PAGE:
Moodymann - “Amerika” [KDJ, 1997]
Unsurprisingly, Moody rides hard for GSH. Amerika wouldn’t be the last time sampling the man. He’s also released an iffy edit of “Home is Where the Hatred Is” on Mahogani Music. Enchanted by its deepness and feeling less than patriotic in my early 20’s, Amerika was the first and only Moody record I paid big second-hand bucks for.
The Parkwalker - “Shades of Soul'“ [Funknose, 2000]
This is Affie Yusuf producing under one of his Deep House aliases . It had been on my radar long before I knew it sampled Gil’s adlib introduction to “H20gate Blues”. Whether you are familiar with GSH or not, the music is undeniably beautiful. I’d wanted a copy for years but after becoming intimately acquainted with Gil, I needed this more than any other record. SweetJordge came through and got it for me as a birthday gift. It was the first record I put on the platter once I was well enough to flip my Technics on.
Danny “Buddha” Morales - “Peace Won’t Come” [4th Floor Records, 1998]
Danny “Buddha” Morales has been a buy-on-sight producer for years now and holds down a spot in my underrated NYC House trinity with Louie Balo and Benji Candelario. I’ve got plates in the double digits bearing his name and I’ll certainly write more about him, Louie and Benji here in the future. “Peace Won’t Come” was a total sleeper for me as “Ride of the Buddha” was the freaky, techy joint I always pulled this record for. Nonetheless, it’s a fun looping MPC jam that uses a vocal hook from Gil’s “Work For Peace” as its main conceit. A straight-up Trip-Hop track, “Work For Peace” is Gil’s only foray into electronic music I’m aware of.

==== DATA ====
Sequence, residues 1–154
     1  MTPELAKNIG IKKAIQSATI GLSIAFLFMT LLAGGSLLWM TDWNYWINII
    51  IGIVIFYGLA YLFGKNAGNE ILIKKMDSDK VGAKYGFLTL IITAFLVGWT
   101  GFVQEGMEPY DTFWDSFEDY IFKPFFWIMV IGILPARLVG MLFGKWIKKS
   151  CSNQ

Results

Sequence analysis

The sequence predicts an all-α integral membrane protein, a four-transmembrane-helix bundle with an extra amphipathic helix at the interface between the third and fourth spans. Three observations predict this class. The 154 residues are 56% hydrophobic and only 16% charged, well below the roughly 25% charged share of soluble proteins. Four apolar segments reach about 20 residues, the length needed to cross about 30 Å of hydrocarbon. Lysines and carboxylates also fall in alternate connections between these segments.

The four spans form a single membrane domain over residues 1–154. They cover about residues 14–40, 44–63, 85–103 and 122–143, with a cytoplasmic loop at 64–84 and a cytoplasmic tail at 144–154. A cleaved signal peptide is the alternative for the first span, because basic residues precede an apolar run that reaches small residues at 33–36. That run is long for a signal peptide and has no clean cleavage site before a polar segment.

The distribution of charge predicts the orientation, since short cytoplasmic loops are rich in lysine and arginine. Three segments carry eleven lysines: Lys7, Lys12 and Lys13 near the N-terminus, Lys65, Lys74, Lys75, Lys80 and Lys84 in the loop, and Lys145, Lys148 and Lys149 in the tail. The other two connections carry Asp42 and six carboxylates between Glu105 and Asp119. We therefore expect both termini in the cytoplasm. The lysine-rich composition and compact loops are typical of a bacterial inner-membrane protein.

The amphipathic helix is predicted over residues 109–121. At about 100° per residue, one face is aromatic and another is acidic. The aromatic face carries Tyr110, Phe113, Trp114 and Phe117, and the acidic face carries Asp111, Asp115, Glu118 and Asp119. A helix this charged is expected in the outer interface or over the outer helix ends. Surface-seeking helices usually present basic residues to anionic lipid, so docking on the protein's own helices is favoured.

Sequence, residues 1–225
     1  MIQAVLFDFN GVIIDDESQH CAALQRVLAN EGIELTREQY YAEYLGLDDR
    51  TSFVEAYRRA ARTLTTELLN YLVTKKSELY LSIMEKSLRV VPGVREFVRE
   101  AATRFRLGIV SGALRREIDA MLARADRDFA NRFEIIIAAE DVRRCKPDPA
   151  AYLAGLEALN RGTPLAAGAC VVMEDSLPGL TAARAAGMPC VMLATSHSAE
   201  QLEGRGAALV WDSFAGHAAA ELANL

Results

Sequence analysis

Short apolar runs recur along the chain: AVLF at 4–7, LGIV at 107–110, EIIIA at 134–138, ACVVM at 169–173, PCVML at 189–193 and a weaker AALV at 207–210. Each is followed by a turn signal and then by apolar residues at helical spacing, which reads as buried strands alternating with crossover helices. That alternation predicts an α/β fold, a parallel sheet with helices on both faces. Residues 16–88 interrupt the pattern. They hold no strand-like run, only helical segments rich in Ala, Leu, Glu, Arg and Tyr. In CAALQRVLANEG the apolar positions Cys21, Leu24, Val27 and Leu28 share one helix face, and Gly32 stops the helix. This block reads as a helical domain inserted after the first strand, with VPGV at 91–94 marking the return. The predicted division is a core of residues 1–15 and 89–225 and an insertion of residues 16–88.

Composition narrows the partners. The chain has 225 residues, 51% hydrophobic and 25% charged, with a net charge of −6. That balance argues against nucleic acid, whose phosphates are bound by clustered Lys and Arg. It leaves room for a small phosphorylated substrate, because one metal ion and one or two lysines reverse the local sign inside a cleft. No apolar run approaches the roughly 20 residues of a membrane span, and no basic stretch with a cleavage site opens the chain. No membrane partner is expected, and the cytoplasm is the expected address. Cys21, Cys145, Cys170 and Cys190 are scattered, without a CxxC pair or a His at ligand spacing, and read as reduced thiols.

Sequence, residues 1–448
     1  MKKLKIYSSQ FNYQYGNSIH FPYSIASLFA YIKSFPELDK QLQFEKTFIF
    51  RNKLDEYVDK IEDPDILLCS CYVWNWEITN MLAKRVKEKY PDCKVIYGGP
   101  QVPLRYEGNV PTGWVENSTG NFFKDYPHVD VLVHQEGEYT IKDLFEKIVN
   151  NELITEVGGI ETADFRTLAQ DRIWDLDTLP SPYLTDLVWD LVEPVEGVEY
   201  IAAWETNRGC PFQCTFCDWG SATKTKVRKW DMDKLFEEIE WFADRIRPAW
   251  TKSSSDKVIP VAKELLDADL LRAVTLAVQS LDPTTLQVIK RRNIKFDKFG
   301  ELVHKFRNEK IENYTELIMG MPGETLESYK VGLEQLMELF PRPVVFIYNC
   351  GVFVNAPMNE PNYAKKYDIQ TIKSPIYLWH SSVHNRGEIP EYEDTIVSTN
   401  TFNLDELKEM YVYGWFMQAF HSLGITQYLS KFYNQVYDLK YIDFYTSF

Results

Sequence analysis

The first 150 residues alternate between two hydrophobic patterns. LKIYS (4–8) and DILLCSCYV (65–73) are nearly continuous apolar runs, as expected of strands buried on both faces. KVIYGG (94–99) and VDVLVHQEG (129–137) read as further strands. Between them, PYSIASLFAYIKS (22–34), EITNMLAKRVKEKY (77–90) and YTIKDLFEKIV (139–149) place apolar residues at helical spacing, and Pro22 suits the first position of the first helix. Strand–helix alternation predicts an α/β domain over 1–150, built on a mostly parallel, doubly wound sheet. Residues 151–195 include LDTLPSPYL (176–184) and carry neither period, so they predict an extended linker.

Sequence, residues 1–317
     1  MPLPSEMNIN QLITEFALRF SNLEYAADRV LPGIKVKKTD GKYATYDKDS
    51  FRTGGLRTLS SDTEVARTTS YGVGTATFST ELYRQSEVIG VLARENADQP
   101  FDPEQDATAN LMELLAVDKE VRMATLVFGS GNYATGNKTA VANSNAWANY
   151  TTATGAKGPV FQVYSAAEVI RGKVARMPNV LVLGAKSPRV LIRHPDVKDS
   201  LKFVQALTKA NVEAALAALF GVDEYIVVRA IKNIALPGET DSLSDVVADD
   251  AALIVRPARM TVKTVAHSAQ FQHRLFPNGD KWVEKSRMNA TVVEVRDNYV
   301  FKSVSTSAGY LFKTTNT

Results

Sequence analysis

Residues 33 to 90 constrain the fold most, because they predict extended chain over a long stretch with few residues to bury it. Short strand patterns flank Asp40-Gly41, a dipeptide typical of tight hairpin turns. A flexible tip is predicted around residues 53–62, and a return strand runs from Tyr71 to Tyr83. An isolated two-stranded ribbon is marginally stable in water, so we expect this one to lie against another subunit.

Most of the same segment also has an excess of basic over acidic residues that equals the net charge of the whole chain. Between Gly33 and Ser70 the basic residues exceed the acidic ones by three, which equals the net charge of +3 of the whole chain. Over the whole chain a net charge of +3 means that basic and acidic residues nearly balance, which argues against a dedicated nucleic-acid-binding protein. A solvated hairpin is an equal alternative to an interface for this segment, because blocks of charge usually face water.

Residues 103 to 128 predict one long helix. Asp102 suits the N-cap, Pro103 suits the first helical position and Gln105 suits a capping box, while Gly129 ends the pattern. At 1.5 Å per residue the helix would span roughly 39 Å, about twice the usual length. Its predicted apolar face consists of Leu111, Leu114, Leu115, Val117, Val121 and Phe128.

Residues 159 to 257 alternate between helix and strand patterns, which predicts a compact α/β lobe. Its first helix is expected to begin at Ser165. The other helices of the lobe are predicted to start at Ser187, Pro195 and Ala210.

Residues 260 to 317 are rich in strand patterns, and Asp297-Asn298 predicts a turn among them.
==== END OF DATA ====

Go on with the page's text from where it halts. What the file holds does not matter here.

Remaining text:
T.T.O. - “The Bottle (Mentor Club MIx)” [Groove On, 1996]
This one is a House cover of Gil’s original with accomplished NYC House producer, Hippie Torrales, on vocals. The vocal version works for me and is certainly better than most dance music covers of the era, but the real gem is Hippie’s Mentor Dub. It’s tracky, ruffneck garage hits like a Mood II Swing dub and can hang with the best of them.
Some quick hits below that whosampled.com hipped me to:
Oh, Yoko - “Seashore (Sprinkles' Ambient Ballroom)”: DJ Sprinkles layers her tracks with subtle, even coded messages addressing the essentiality of queerness in House music. Here, she takes a single word – “ballin’” – from Gil’s poem, “The Subject Was Faggots”, an account of his experience at a drag ball from 1970, and loops and reverbs it until the listener can hear whatever they choose. Is ballin’ the act of attending a drag ball? The now-archaic synonym for fucking? Or is it actually “falling”? I’d guess the ambiguity is the intention.
KenLou - “Moonshine” & Rick Wilhite - “Get on Up (Theo’s Late Dub)”: Both of these have been in stacks for ages but I never clocked their sampled piano riffs from the live version of Gil and Brian Jackson’s “Home is Where the Hatred Is”.
Kubrick - “Whities on the Moon”: There were many Dutch attempts at making American House in the 90s but few successes. Even highlights like Jamshed’s “Women and Whiskey (Dub)” still have some of that Amsterdam XTC NRG. Here, Kubrick passes the Turing Test.
DJ Rashad - “On My Way”: A fitting end for his 2012 Teklife Volume 1 LP, “On My Way” is also tragically prophetic as Rashad would pass away from an overdose two years later. It samples “Home is Where the Hatred Is”, Gil’s ode to his own heroin addiction. Rashad clearly connected with the original as he also used it as the backbone for “I’m Gone” in 2011.
Thanks for reading! I’m sure there are many, many more GSH-sampling records out there. I’d love to learn about them, so drop a comment if you know any!